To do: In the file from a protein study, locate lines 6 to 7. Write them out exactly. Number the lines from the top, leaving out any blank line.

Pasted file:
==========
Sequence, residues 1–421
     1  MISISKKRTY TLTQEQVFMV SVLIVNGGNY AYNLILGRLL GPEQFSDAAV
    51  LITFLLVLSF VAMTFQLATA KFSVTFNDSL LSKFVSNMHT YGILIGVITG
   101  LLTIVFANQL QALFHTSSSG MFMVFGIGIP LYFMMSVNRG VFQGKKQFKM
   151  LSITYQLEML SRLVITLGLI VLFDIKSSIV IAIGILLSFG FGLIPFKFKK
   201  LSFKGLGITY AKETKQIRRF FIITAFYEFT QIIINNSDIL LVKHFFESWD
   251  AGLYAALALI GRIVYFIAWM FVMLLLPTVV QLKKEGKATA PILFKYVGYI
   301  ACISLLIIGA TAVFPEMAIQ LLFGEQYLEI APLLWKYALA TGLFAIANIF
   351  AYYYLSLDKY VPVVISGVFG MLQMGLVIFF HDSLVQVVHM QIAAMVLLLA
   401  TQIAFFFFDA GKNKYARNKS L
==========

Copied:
   201  LSFKGLGITY AKETKQIRRF FIITAFYEFT QIIINNSDIL LVKHFFESWD
   251  AGLYAALALI GRIVYFIAWM FVMLLLPTVV QLKKEGKATA PILFKYVGYI